Advances in technology have made it increasingly hard to detect fraud, particularly if the fraud in question is conclusive in nature and the top management is involved. This is because the top management are highly capable of concealing fraud. Fraud detection is especially vital from the investor's point of view[12]. Basically, all investors wish to ensure that their investments are protected, and they also seek an assurance that the assets of a firm are not only safeguarded, but also correctly stated[13]. However, auditors contend that detecting fraud should not be their responsibility[14]. Nevertheless, the auditor has a role to play in detecting fraud by way of exercising their professional care and skills[15]. While it may be easy to define the role of an auditor in exposing material fraud[16], explaining and actualizing this role is more intricate and less obvious. This could be the case since fraud is a rare occurrence, the available internal accounting mechanism can effectively encourage an honest climate, or because most individuals tend to be honest[17]. Consequently, auditors may fail to identify sings of a fraud being committed, or they could be privy to the potential for fraud. So as to execute his role more effectively, the auditor ought to fully comprehend the nature of fraud, along with its implications on planning and executing the audit exercise (Guan et al. 2008). In this case, auditors need to exercise more vigilance in carrying out their duties by seeing to it that care and due diligence is foremost on their agenda in order to detect and expose fraud[18].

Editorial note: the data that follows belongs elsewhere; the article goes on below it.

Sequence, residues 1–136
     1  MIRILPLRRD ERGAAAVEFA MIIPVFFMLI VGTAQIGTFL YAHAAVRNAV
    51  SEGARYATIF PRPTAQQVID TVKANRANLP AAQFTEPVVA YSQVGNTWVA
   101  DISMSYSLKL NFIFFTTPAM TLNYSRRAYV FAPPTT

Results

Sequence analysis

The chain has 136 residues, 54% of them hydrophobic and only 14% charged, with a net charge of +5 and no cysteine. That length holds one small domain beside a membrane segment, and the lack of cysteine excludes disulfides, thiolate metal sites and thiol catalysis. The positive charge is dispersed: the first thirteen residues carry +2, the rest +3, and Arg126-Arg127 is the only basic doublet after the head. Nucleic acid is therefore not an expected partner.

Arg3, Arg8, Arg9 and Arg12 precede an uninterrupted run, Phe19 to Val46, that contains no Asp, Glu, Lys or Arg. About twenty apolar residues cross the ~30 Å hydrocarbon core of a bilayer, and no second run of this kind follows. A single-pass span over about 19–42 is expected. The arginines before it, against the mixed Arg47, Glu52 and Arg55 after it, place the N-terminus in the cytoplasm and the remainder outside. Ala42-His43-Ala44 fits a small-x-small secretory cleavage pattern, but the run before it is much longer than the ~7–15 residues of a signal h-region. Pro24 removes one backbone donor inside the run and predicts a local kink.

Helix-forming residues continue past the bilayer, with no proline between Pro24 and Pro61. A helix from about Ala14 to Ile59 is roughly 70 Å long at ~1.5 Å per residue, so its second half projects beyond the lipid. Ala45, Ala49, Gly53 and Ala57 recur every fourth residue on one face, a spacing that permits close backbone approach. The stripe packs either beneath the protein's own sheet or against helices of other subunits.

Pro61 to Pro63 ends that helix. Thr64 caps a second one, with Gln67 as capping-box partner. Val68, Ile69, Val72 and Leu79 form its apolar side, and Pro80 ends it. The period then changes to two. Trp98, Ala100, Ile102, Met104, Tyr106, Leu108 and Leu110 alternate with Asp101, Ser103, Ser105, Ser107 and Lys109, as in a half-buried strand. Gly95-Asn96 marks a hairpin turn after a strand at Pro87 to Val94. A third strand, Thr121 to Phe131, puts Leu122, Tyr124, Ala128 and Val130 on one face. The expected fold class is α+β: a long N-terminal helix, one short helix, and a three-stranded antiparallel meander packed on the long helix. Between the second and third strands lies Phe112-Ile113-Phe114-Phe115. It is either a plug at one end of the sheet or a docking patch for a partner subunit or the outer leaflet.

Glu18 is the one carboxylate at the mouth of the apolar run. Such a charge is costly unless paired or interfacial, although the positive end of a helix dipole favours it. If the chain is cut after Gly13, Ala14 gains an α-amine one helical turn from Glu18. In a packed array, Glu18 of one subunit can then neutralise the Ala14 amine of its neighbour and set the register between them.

Helps the company to improve its internal control processes

In the fields of auditing and accounting, internal control describes the process for ascertaining the attainment of a firm's objectives in operational efficiency and effectiveness, conformance with existing laws, policies, and regulations, and reliable financial reporting.  Basically, the internal control of a firm encompasses virtually everything that has an effect on risks to a firm. Both the external and internal auditors play critical roles in assessing the effectiveness of a firm's internal controls. In this case, the auditor examines if the controls have been adequately developed and executed, and if they are working properly. Thereafter, the auditor is expected to provide recommendations on how the internal controls can be improved.